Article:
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Theoretical and Applied Genetics

, Volume 113, Issue 4, pp 753–766 | Cite as

Molecular detection of QTLs for agronomic and quality traits in a doubled haploid population derived from two Canadian wheats (Triticum aestivum L.)

  • X. Q. Huang
  • S. Cloutier
  • L. Lycar
  • N. Radovanovic
  • D. G. Humphreys
  • J. S. Noll
  • D. J. Somers
  • P. D. Brown
Original Paper

Abstract

Development of high-yielding wheat varieties with good end-use quality has always been a major concern for wheat breeders. To genetically dissect quantitative trait loci (QTLs) for yield-related traits such as grain yield, plant height, maturity, lodging, test weight and thousand-grain weight, and for quality traits such as grain and flour protein content, gluten strength as evaluated by mixograph and SDS sedimentation volume, an F1-derived doubled haploid (DH) population of 185 individuals was developed from a cross between a Canadian wheat variety “AC Karma” and a breeding line 87E03-S2B1. A genetic map was constructed based on 167 marker loci, consisting of 160 microsatellite loci, three HMW glutenin subunit loci: Glu-A1, Glu-B1 and Glu-D1, and four STS-PCR markers. Data for investigated traits were collected from three to four environments in Manitoba, Canada. QTL analyses were performed using composite interval mapping. A total of 50 QTLs were detected, 24 for agronomic traits and 26 for quality-related traits. Many QTLs for correlated traits were mapped in the same genomic regions forming QTL clusters. The largest QTL clusters, consisting of up to nine QTLs, were found on chromosomes 1D and 4D. HMW glutenin subunits at Glu-1 loci had the largest effect on breadmaking quality; however, other genomic regions also contributed genetically to breadmaking quality. QTLs detected in the present study are compared with other QTL analyses in wheat.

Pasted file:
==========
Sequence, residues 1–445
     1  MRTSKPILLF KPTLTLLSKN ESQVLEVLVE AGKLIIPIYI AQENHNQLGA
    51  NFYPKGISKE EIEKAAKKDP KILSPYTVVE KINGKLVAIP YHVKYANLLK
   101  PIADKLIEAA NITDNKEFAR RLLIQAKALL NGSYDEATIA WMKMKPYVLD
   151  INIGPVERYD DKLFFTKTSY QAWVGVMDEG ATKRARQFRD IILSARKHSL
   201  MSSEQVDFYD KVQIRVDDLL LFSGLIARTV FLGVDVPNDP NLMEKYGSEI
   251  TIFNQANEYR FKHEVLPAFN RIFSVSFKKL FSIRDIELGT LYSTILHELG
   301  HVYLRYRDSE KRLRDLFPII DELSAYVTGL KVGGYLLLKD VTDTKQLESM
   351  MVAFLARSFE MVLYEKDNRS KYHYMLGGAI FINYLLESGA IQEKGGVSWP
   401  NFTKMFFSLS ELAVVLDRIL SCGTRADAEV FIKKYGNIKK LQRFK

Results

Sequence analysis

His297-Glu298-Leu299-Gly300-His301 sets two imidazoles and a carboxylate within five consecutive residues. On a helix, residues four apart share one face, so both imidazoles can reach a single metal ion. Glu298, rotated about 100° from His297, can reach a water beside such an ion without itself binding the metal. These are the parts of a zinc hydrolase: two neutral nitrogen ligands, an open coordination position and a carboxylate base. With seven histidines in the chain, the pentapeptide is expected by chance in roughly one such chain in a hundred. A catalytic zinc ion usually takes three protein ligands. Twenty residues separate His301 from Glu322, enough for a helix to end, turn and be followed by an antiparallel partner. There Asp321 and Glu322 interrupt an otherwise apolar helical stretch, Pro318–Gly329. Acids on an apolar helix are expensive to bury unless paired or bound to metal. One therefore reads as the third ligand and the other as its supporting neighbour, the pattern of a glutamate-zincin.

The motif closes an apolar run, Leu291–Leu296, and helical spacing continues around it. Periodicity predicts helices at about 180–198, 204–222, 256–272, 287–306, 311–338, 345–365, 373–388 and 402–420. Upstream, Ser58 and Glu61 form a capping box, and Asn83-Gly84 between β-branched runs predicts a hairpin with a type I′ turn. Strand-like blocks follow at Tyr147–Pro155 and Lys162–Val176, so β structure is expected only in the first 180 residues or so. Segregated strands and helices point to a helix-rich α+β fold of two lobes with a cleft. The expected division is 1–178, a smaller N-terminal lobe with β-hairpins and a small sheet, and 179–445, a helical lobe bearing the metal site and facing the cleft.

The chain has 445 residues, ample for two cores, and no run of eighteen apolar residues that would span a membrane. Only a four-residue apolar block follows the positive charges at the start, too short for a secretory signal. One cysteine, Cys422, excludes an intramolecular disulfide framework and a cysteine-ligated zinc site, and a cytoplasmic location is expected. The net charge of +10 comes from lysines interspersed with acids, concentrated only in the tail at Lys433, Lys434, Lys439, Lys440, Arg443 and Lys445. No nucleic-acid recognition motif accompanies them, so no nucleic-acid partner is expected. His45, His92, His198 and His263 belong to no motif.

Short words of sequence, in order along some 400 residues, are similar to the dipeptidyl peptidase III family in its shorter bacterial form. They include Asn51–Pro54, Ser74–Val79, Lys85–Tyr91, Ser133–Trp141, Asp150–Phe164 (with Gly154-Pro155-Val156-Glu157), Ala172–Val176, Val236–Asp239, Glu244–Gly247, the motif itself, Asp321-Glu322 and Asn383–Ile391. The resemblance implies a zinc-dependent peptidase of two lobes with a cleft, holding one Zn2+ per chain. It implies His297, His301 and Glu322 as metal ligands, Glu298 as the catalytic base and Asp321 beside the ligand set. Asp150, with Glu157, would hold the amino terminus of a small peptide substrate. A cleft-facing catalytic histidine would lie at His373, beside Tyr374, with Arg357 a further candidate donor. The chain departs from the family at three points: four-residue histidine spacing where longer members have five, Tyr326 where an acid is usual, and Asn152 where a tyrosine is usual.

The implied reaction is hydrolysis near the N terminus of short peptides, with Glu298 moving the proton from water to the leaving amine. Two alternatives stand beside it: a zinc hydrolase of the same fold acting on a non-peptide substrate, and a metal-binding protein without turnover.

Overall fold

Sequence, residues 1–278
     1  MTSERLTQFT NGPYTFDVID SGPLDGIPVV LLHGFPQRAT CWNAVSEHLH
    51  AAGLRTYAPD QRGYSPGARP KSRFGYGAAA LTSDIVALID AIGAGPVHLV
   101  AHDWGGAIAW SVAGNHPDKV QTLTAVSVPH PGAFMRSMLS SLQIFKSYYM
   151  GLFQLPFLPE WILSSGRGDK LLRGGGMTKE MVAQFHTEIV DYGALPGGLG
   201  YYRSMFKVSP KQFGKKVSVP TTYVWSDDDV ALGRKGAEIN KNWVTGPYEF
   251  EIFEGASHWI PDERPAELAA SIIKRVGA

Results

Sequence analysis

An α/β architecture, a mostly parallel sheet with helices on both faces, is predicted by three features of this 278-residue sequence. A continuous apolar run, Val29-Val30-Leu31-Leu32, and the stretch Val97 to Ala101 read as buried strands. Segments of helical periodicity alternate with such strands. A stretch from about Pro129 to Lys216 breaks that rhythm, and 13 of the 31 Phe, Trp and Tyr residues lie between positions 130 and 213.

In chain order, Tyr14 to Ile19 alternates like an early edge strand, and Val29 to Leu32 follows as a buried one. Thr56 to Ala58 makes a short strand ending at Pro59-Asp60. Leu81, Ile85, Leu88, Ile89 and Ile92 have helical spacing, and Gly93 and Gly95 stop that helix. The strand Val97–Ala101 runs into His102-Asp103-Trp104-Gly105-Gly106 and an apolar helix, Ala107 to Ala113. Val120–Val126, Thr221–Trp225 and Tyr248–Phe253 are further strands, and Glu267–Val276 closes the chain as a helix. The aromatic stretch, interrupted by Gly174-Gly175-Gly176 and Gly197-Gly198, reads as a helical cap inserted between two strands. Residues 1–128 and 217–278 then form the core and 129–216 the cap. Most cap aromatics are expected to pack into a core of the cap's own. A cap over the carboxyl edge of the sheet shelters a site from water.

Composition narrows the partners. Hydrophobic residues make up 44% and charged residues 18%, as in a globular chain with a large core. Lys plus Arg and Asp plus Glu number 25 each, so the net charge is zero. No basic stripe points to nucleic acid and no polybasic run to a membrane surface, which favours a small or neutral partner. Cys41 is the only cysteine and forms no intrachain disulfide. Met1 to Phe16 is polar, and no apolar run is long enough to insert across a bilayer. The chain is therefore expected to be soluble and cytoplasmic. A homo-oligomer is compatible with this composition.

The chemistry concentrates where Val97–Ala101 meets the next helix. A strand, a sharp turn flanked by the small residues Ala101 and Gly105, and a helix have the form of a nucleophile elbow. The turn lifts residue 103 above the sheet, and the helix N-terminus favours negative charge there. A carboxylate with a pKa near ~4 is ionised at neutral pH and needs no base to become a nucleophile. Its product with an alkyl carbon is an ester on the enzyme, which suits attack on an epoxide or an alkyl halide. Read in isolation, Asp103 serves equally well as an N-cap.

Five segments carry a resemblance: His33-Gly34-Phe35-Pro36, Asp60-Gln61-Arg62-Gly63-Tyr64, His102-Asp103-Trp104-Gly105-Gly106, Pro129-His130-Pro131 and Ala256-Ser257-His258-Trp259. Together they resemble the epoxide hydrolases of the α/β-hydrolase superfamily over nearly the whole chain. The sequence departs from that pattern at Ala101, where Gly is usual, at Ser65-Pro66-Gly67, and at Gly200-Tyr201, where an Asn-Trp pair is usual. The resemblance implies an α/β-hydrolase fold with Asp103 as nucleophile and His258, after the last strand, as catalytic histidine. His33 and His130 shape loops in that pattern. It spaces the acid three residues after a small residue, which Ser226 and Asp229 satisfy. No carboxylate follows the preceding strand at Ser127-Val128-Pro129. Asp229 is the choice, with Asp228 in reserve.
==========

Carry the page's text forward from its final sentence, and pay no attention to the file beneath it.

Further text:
Keywords

Plant Height Doubled Haploid Agronomic Trait Doubled Haploid Line Composite Interval Mapping 
These keywords were added by machine and not by the authors. This process is experimental and the keywords may be updated as the learning algorithm improves.

Notes

Acknowledgments

We would like to thank the breeding teams at Winnipeg and Brandon for the field experiments and evaluations, Elsa Reimer for excellent assistance in genotyping and Sheila Woods for statistical analysis advice. Review of the manuscript and useful comments provided by Andrzej Walichnowski, and Drs Curt McCartney and David De Koeyer are greatly acknowledged. X. Q. Huang received a visiting fellowship from the National Science and Engineering Research Council of Canada (NSERC). This research was supported in part by an NSERC post-graduate scholarship to N. Radovanovic. This publication is Agriculture and Agri-Food Canada contribution no. 1921.

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Copyright information

© Springer-Verlag 2006

Authors and Affiliations

  • X. Q. Huang
    • 1
  • S. Cloutier
    • 1
  • L. Lycar
    • 1
  • N. Radovanovic
    • 1
  • D. G. Humphreys
    • 1
  • J. S. Noll
    • 1
  • D. J. Somers
    • 1
  • P. D. Brown
    • 1
  1. 1.Cereal Research CentreAgriculture and Agri-Food CanadaWinnipegCanada

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